This week, we find out more about The Engine Shed, Lincoln.
We spoke to Live Music Booker, Tom Kitchen, who tells us all about the venue's incredible history, the wide range of events that they host, and having to evolve in an ever-changing environment.
- The Engine Shed, University of Lincoln, Brayford Pool, Lincoln, LN6 7TS
- Established: 2006
- Capacity: See below.
Tell us a little about the venue and your role there.
The venue is called The Engine Shed, and we are located in the awesome City of Lincoln. Our venue is very versatile, therefore, our capacities are varied. They (standing capacities) look like this:
1,800 - Main room with balcony
700 - Half Hall (Main Room)
300 - The Platform (Second Room)
We can facilitate for seating shows with 825, 300, and 165 being our respective seated caps.
As for my role, my main day to day is live music booking, overseeing shows, and generally assisting in a variety of events and entertainment capacities.
Has the venue gone through any major changes since it opened (location, renovation, style of music etc)?
From what I am aware, none. There has been a few minor changes to the aesthetic detailing, branding, quantity of dressing rooms etc., but nothing major. It was built for functionality and still operates that way.
Half Hall (Main Room)
How many gigs or club nights a week do you host?
This is really dependent on the time of the year. Summer for us is quite quiet. All the students have gone home and festival season dramatically reduces touring schedules, therefore, we run an intermittent events programme. However, as soon as Fresher's week kicks in, it is all guns blazing with some weeks hosting up to three club nights and seven events, including comedy and live music.
Which band that's played your venue has gone on to be the best known?
Hundreds of acts have passed through the venue doors, so it is really hard to say.
Which band that played your venue deserved/deserves to be better known than they are?
Again so hard to answer. There have been large quantities of genuinely amazing acts that have come through our doors who have unfortunately seen little to no success. It's a shame.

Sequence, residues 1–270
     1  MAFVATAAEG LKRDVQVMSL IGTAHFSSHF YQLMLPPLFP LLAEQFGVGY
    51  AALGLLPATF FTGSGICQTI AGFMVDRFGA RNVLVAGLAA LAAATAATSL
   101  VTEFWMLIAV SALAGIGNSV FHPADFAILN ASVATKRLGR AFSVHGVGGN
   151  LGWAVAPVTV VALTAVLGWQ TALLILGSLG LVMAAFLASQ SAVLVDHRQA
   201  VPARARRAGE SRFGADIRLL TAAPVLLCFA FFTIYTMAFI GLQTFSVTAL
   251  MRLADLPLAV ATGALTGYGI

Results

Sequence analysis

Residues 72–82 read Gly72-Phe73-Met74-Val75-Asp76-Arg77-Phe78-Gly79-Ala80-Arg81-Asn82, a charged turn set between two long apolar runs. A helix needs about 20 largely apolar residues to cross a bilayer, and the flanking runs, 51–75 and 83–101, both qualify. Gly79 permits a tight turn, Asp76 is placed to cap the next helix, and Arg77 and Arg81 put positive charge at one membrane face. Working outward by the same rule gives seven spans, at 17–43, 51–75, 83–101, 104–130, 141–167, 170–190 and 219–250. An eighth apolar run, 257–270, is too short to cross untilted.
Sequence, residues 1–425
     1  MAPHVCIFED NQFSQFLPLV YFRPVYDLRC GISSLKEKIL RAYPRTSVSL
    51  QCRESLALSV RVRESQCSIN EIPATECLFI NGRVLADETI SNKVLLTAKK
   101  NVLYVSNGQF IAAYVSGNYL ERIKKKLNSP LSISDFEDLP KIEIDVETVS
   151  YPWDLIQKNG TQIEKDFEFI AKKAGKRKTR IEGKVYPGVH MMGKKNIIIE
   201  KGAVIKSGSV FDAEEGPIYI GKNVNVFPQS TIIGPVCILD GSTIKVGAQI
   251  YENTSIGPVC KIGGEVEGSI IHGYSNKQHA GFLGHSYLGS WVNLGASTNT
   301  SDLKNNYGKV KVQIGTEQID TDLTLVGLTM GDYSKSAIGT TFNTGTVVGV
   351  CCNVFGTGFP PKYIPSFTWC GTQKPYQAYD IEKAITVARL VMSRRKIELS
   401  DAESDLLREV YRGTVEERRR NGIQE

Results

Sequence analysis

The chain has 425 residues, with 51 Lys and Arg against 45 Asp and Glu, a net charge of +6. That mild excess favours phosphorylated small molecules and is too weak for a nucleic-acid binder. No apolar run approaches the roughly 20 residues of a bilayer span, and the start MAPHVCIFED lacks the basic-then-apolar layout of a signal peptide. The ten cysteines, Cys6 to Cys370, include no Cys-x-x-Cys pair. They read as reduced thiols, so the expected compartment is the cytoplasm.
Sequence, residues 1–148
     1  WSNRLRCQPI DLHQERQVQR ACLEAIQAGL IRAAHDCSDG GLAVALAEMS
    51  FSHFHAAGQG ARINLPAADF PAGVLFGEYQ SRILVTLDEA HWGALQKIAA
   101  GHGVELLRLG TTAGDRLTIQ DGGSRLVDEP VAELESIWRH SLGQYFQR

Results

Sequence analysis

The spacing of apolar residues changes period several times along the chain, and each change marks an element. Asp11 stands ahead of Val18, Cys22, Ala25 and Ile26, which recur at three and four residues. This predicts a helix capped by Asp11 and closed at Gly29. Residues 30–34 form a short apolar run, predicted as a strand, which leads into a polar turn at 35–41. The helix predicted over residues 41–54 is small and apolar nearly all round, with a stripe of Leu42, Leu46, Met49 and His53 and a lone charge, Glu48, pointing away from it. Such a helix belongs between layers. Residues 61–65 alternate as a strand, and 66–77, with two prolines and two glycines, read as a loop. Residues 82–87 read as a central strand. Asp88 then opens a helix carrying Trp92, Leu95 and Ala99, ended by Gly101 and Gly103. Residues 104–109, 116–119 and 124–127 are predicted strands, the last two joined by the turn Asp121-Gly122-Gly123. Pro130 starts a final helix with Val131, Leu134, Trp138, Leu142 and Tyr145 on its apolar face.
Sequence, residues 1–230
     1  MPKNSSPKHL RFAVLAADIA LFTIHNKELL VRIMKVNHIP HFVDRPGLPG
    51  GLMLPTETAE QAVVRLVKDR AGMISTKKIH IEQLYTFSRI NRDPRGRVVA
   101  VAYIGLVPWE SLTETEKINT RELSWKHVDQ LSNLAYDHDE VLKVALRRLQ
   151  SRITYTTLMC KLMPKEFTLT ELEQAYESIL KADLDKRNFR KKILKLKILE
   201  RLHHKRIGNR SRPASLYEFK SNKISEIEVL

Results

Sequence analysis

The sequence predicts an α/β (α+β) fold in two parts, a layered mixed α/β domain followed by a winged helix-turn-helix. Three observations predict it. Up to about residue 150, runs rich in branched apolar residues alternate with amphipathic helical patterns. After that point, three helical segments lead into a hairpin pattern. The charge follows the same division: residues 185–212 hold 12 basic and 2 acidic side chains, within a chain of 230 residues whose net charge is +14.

Do you host events besides gigs and club nights?
Yes. We host regular comedy evenings ranging from the likes of Sarah Millican and Joe Lycett, to Adam Rowe and Paul Foot. We also host food and drink festivals, gala dinners, private parties, conferences, award ceremonies, exhibitions, vintage fayres, conventions and wrestling events.
If you could change one thing about the live music industry, what would it be?
No. It's (hmmmm) all perfect?
The Platform (Second Room)
What's been your proudest moment working at your venue?
I take pride in my work and feel privileged that I work in an industry that I love. There isn't one specific example, but the proudest moments are when you receive emails from the artist and/or members of the touring party, thanking you for the effort that you have put in during their show day.
Has the venue ever been threatened with closure? If so, what could have been done to prevent it/support you?
Every venue has its ups and downs, but this is part of the tempestuous environment that we operate in. Many areas can impact venue operations including changes within the live music and events industries, as well as social, political or economic matters. For instance, trends, consumer culture, and/or noise complaints.
To counter potential impacts, we as a venue have had to react to changes in the sector or the wider society, to ensure that closure does not happen. This has happened through broadening the facility's purpose to include as many events as possible, as well as building a team of dedicated and respected professionals.
The Engine Shed is one of the nine venues that will be hosting 2Q Festival 2018.
What's the best show you've put on recently?
Are there any interesting facts/stories about the venue that people might not know, but should?!
There are so many stories, I wouldn't know where to start!
The building was erected in 1874 by Great Western Railways. It had 4 tracks running into the train shed, which now act as fire escapes. Before the building was renovated in 2006, it had been derelict since 1964.